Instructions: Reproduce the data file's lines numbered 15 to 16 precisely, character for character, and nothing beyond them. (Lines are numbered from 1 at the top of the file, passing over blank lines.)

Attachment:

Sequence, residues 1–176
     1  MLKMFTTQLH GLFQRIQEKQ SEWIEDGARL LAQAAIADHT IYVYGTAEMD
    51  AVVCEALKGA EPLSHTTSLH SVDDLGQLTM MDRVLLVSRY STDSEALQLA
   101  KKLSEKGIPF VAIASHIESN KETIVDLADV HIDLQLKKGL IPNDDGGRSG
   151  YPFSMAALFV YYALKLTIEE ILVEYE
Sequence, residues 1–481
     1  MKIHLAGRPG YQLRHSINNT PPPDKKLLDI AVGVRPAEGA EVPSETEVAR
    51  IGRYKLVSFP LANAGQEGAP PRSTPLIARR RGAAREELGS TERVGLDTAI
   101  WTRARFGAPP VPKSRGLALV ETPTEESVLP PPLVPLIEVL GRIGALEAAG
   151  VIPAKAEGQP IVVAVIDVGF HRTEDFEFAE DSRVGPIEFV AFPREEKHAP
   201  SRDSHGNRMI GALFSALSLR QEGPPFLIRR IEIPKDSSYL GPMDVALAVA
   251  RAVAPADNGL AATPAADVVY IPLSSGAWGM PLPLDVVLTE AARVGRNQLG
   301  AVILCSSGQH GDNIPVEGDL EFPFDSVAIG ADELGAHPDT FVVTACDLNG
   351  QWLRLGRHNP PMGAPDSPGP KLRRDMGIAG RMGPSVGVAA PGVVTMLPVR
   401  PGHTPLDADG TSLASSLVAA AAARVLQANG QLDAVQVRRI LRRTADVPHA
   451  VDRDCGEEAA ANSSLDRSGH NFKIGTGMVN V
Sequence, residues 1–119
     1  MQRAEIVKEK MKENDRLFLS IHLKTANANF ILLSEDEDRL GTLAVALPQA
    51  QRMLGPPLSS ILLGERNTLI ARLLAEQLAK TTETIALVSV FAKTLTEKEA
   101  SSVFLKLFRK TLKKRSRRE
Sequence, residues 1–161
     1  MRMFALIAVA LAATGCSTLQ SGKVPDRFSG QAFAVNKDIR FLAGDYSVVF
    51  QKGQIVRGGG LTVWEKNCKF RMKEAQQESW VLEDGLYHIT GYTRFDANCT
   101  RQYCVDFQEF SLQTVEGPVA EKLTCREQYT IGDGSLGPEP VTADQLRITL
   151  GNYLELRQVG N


   401  PGHTPLDADG TSLASSLVAA AAARVLQANG QLDAVQVRRI LRRTADVPHA
   451  VDRDCGEEAA ANSSLDRSGH NFKIGTGMVN V